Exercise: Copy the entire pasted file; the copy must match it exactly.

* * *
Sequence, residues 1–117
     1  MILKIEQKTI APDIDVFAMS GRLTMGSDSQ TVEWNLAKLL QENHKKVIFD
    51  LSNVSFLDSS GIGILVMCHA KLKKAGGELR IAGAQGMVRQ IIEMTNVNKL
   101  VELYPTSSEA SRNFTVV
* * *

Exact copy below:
Sequence, residues 1–117
     1  MILKIEQKTI APDIDVFAMS GRLTMGSDSQ TVEWNLAKLL QENHKKVIFD
    51  LSNVSFLDSS GIGILVMCHA KLKKAGGELR IAGAQGMVRQ IIEMTNVNKL
   101  VELYPTSSEA SRNFTVV